WASHINGTON, DC, March 11, 2013 (ENS) – The U.S. Energy Department Friday announced $50 million in funding for the development of advanced plug-in electric vehicle technologies.
The new funding supports the Energy Department’s EV Everywhere Grand Challenge, which aims to make plug-ins as affordable to own and operate as today’s petrol-powered vehicles within the next 10 years.
“The market for energy-efficient and electric vehicles is expanding dramatically, giving drivers and businesses more options to save money on fuel while reducing carbon pollution,” said Energy Secretary Steven Chu.
The Department will accept applications from industry, national laboratories, and university led-teams.
Funding will go to new research projects that focus on lowering the cost and increasing the efficiency of plug-in electric vehicle components, models and tools to predict vehicles’ performance and help improve fuel economy.
The Department will fund projects across five areas of research and development, including:
Advanced lightweighting and propulsion materials such as cast magnesium alloys, high-strength steel and dissimilar material joining.
Advanced battery development projects to improve cell chemistry, composition, and processing; contribute to battery modeling; or develop advanced electrolytes for next generation lithium-ion cells.
Power electronics to develop lower-cost inverters and capacitors that are capable of withstanding much higher temperatures than current technology and can be commercially manufactured.
Advanced heating, ventilation, and air conditioning systems that can increase all-electric driving range while providing a comfortable temperature for passengers. Projects selected in this area will develop and demonstrate technologies to reduce these auxiliary loads.
Fuels and lubricants that improve the fuel efficiency of light-duty, medium-duty and heavy-duty vehicles.
The U.S. Army is contributing $3.5 million co-funding in several areas where there are joint development opportunities through its Advanced Vehicle Power Technology Alliance with the Department of Energy.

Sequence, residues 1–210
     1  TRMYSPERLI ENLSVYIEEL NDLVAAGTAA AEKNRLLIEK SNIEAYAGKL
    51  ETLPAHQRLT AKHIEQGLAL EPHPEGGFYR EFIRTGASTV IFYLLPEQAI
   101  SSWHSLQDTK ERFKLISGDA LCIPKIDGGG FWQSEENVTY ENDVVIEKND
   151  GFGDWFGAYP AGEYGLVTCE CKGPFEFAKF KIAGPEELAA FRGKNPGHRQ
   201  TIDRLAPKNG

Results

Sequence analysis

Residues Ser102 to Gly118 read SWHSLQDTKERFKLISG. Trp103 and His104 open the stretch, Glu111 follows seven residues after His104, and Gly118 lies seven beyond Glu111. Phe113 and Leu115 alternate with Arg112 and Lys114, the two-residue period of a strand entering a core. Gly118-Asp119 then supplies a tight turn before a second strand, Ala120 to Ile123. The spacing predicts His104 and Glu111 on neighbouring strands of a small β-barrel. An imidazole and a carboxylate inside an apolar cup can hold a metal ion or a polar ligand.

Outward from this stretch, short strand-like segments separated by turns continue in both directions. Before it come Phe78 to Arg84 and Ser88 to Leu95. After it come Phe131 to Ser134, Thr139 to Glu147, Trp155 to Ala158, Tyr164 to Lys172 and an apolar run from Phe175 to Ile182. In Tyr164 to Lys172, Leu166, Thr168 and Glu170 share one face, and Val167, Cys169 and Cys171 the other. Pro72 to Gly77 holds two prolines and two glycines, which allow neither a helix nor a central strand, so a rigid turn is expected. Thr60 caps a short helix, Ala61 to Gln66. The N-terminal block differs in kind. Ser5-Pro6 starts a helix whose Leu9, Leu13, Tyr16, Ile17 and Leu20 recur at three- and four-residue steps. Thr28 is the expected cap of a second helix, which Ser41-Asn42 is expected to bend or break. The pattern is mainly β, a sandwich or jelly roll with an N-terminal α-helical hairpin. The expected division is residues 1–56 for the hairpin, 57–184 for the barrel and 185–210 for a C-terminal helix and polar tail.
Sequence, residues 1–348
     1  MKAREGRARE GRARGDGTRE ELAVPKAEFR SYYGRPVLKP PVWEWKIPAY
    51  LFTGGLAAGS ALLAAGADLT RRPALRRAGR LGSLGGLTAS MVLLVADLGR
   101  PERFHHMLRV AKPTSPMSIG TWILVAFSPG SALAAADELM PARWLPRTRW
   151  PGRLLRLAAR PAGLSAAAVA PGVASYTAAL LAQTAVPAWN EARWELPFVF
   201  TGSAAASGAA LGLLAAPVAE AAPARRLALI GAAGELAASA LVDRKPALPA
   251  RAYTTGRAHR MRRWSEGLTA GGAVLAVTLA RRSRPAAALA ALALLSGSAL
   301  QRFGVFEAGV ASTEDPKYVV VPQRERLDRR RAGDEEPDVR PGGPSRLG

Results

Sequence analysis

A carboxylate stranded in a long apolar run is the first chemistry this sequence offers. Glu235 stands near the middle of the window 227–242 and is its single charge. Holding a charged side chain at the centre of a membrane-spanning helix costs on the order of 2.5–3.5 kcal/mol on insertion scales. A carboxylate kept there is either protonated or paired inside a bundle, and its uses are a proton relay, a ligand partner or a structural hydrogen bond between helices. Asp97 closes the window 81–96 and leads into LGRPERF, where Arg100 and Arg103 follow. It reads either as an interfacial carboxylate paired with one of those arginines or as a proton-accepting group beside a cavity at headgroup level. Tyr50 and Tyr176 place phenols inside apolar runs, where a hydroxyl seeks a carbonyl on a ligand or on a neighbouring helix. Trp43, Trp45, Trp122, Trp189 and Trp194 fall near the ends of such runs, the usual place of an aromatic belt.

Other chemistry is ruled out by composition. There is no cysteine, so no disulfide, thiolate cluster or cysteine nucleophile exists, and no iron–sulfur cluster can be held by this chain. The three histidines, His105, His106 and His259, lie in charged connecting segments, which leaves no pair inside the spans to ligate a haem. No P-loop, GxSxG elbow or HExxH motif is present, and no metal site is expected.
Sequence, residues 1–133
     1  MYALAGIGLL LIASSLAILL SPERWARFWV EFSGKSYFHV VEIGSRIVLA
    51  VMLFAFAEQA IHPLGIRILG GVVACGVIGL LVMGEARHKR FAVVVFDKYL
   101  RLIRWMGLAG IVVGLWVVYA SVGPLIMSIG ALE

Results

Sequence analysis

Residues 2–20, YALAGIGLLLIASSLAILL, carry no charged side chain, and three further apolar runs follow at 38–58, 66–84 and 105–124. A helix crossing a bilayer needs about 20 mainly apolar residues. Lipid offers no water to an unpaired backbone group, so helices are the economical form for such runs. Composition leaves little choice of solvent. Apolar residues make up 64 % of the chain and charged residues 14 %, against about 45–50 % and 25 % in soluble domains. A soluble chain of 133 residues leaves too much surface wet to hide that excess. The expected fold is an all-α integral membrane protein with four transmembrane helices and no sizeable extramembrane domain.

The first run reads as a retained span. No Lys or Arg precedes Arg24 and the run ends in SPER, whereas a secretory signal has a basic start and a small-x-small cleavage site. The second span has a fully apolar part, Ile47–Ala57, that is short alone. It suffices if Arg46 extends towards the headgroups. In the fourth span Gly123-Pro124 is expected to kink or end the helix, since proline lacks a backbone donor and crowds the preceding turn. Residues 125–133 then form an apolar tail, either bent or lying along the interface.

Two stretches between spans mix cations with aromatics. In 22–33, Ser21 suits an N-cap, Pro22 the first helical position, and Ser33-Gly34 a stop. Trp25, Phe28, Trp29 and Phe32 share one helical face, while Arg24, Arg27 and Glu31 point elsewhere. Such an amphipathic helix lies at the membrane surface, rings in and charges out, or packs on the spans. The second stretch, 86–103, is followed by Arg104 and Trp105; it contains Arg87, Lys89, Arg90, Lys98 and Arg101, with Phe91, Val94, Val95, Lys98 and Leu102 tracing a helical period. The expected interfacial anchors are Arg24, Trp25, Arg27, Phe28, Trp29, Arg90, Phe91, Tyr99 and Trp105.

The new funds will be available to projects that help advance the technology goals outlined in the EV Everywhere Grand Challenge Blueprint.
Celebrating its one-year anniversary this month, the Grand Challenge is an Obama administration initiative to expand the availability of workplace charging for American workers – increasing the convenience of plug-in electric vehicles and providing drivers with more options.
Last week, the Department announced 16 new Partner employers have joined the Challenge. They have signed the Workplace Charging Pledge, a commitment to assessing the PEV charging demands of their workforce, then developing and implementing a plan to install workplace charging infrastructure for at least one major worksite location.
More than doubling the original set of partners announced in January, these new partners include: powertrain systems developer AVL, infrastructure software giant Bentley Systems, Biogen Idec, Bloomberg LP, The Coca-Cola Company, the City of Sacramento, Dell, Facebook, The Hartford, The Hertz Corporation, National Grid, New York Power Authority, NRG Energy, OSRAM SYLVANIA, Raytheon Company and Southern California Edison.
The goal of the EV Everywhere Challenge is, by the year 2022, to enable companies in the United States to be the first in the world to produce a five-passenger affordable American electric vehicle with a payback time of less than five years and sufficient range and fast-charging ability to enable average Americans everywhere to meet their daily transportation needs more conveniently and at lower cost.
The Challenge means the U.S. government is working with industry, universities, our national laboratories and government partners to set technical goals for cutting costs for the batteries and electric drivetrain systems, including motors and power electronics, reducing the vehicle weights while maintaining safety, and increasing fast-charge rates.
Copyright Environment News Service (ENS) 2013. All rights reserved.
PHOTO: Scientist reads data from test electric vehicles at the National Renewable Energy Lab’s Vehicle Testing and Integration Facility. (Photo by Dennis Schroeder courtesy NREL)